ARTICLE Issue 003
Center for Integrated Quantum Materials (CIQM) Established with NSF $20 million Grant
Front row, left to right: Naomi Brave, Managing Director; Kathyrn Hollar-Boston Area Director of Education, Harvard University; Silvina Gatica, Howard University; Evelyn Hu-Harvard University; Miah Davis, Howard University, Undergraduate Student; Tina L Brower-Washington, DC Area Director of Education, Howard University; Carol Lynn Alpert-MOS-BOS., co-Director; Karen Thate, MOS-BOS; Nuh Gedik, MIT; Back row, left to right: Robert Graham, Harvard University; Steven Richardson, Harvard University; Charles Hosten, Howard University; Bob Westervelt, Harvard University Center Director; Gary L. Harris, Howard University co-Director; Paul Sabila, Gallaudet University; Ray Ashori, Harvard University, co-Director; Andrea Young, MIT, Postdoc; Scott Sinex, Prince George’s Community College
The National Science Foundation (NSF) has awarded a five-year $20 million grant to establish a Science and Technology Center (STC) to a team of faculty from Harvard University, Howard University, MIT, Museum of Science (MOS)-Boston and the Center’s College Network. The Center for Integrated Quantum Materials (CIQM) is positioned to transform photonics from 3D structures to 2D atomic layers and communicate the impact of the technology to the public. CIQM activities will facilitate collaborations across diverse disciplines and institutions and encourage students to pursue careers in science and engineering.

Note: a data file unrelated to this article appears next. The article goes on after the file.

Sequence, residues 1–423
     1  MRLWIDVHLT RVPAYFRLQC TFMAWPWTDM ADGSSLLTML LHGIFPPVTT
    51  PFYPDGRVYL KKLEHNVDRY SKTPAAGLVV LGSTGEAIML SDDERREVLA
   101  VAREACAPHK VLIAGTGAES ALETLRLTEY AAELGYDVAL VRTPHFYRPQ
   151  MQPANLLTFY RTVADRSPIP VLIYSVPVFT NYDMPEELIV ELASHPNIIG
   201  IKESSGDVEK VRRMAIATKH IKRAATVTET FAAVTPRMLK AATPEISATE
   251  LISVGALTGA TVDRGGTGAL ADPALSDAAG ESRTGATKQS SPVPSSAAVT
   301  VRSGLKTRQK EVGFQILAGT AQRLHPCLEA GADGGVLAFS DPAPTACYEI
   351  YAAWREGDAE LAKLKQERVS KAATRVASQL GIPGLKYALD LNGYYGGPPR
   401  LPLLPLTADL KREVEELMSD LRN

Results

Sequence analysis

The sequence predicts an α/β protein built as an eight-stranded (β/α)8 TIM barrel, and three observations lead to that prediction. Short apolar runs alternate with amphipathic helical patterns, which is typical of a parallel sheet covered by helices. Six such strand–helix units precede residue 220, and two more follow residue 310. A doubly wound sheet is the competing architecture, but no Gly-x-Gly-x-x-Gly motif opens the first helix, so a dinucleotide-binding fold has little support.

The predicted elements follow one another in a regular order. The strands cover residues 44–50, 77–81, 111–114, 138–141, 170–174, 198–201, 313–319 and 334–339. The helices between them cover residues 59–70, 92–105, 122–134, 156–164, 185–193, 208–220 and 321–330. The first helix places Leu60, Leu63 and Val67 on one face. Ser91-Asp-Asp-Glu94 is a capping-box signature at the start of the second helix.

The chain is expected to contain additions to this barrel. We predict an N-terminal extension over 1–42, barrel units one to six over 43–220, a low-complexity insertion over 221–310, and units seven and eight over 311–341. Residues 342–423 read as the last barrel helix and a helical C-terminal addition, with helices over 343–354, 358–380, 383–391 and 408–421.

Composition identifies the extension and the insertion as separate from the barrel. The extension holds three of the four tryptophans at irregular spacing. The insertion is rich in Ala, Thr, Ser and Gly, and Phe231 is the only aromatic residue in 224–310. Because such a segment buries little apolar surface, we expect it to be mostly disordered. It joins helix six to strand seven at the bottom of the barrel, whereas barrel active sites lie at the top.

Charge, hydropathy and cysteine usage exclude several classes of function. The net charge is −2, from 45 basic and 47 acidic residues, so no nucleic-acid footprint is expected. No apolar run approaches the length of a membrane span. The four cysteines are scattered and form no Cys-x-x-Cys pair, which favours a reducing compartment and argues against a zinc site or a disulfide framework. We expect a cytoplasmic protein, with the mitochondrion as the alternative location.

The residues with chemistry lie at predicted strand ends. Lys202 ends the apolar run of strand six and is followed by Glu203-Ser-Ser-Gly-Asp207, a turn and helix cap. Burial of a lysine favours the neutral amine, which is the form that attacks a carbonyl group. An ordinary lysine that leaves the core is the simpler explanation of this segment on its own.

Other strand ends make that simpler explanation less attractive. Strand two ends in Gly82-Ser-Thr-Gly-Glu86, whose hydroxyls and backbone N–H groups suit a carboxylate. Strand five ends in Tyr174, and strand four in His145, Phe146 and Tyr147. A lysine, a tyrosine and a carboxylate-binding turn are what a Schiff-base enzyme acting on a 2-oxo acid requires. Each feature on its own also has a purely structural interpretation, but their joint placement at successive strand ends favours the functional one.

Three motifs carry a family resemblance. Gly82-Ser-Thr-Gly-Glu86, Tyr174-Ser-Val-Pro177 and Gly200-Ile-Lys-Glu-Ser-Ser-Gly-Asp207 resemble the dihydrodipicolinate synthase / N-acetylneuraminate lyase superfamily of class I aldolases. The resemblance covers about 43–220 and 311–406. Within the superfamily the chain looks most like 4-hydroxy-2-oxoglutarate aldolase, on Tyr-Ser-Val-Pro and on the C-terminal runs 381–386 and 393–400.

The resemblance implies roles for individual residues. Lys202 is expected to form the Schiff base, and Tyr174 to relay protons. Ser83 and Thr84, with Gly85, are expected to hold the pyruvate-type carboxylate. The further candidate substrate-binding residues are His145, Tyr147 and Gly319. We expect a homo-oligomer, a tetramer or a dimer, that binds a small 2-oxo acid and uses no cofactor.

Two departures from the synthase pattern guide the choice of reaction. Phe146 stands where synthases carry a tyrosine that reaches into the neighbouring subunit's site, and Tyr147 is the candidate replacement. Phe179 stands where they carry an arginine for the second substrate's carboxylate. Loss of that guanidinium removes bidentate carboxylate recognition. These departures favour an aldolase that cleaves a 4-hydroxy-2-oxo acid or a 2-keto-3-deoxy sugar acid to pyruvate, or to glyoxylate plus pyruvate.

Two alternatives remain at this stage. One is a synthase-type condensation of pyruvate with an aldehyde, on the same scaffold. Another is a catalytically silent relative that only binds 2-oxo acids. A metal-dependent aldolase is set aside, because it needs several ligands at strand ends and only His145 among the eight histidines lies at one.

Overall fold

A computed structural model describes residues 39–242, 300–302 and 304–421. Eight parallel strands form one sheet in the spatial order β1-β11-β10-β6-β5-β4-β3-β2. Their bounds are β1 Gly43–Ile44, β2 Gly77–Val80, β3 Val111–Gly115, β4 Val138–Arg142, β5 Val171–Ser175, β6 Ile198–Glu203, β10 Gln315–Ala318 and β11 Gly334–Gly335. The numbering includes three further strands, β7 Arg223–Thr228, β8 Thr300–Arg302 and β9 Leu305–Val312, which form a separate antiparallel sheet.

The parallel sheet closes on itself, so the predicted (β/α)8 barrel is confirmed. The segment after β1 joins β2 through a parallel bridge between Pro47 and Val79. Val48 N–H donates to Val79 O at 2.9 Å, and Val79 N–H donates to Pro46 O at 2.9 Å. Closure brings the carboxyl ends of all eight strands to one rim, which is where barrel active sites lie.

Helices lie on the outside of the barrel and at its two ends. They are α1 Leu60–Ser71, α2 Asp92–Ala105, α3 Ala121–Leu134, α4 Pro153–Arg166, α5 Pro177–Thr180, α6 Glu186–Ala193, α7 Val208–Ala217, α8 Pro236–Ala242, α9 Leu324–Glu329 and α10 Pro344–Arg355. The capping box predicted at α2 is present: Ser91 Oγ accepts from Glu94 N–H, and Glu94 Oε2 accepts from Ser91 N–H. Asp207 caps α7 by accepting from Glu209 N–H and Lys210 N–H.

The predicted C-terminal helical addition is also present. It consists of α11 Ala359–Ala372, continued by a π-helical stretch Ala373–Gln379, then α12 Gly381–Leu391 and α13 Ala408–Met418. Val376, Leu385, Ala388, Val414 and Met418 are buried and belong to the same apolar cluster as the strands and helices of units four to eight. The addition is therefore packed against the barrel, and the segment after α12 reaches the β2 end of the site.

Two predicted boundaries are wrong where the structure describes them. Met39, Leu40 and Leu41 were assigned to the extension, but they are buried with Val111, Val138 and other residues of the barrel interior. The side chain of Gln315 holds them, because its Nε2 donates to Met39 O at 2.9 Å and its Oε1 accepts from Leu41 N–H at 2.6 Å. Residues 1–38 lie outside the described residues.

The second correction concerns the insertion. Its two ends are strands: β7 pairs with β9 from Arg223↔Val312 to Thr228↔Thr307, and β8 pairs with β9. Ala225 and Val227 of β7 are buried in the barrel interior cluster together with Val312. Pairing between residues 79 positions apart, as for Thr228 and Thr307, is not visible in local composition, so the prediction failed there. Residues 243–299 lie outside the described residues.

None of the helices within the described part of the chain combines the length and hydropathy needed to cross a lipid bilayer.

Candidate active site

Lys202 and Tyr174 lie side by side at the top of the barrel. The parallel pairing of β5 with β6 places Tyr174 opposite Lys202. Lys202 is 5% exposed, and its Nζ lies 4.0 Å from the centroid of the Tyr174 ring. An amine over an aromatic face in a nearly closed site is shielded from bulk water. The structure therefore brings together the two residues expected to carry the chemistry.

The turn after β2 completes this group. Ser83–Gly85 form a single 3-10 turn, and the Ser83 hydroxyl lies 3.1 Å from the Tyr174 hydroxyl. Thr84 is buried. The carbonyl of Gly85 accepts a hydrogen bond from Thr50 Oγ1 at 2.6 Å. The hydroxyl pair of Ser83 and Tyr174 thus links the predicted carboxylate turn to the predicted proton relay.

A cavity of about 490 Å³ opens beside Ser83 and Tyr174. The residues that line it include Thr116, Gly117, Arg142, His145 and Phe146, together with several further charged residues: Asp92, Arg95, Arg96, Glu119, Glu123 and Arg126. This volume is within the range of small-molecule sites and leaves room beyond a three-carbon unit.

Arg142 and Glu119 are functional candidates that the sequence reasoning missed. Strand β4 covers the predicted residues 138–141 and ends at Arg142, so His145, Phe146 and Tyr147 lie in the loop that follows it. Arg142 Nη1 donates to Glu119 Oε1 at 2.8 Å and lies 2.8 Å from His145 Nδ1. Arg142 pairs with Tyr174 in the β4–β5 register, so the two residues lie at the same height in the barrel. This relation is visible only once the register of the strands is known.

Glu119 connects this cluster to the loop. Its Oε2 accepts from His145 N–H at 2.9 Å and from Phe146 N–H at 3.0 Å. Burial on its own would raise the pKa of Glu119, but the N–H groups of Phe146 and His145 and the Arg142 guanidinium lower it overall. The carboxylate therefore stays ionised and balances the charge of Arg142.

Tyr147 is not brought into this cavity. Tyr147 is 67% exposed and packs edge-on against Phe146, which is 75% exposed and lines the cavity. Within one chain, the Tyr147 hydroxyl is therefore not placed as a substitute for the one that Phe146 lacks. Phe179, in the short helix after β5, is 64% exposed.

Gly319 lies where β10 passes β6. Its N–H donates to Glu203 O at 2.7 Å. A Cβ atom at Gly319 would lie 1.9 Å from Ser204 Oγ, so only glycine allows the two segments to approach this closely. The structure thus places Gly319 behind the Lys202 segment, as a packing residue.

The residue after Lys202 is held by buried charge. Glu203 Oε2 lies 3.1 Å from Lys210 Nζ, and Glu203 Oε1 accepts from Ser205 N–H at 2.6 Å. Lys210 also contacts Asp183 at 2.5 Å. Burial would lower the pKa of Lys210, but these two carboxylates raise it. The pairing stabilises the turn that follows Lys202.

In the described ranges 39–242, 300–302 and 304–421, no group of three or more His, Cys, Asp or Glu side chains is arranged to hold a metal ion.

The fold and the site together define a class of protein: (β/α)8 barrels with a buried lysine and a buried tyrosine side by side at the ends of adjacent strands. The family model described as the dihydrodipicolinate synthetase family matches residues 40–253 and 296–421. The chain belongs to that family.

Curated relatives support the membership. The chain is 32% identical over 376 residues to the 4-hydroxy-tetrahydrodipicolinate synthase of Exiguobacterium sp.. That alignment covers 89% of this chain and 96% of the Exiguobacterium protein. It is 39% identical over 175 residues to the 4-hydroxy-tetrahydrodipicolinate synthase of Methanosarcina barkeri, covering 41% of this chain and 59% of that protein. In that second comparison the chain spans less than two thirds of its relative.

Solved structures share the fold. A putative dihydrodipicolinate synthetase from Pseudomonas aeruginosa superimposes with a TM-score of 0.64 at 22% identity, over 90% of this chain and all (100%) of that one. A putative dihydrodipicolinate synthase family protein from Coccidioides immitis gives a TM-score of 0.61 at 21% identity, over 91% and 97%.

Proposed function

Gary L. Harris, co-director, Howard University CIQM.
The October 2013 CIQM STC kickoff at Howard University was coordinated by Gary L. Harris, co-Director. Howard University was joined by the Center Director Robert M. Westervelt of Harvard University, and fellow co-Directors, Raymond Ashoori of MIT, Carol Lynn Alpert of MOS-Boston and representatives from the Center’s College Network (Bunker Hill Community College, Gallaudet University, Mt Holyoke College, Olin College, Prince George’s Community College, and Wellesley College). The celebration included remarks by former College of Engineering, Architecture and Computer Science Dean James Mitchell, Gary L. Harris and Robert M. Westervelt, lab tours and a poster session.
Participants in the CIQM opening program
NSF established the STC Program in 1987 to support innovative, potentially transformative, world-class, complex research and education projects that require large-scale, long-term awards. STCs have grown from a novel idea into a vital network of programs. In addition to their affiliation with more than a hand full of Noble Laureates, STCs have catalyzed scientific breakthroughs, built bridges of exchange with industry, spun-off new technologies and businesses, and trained young scientists and engineers.
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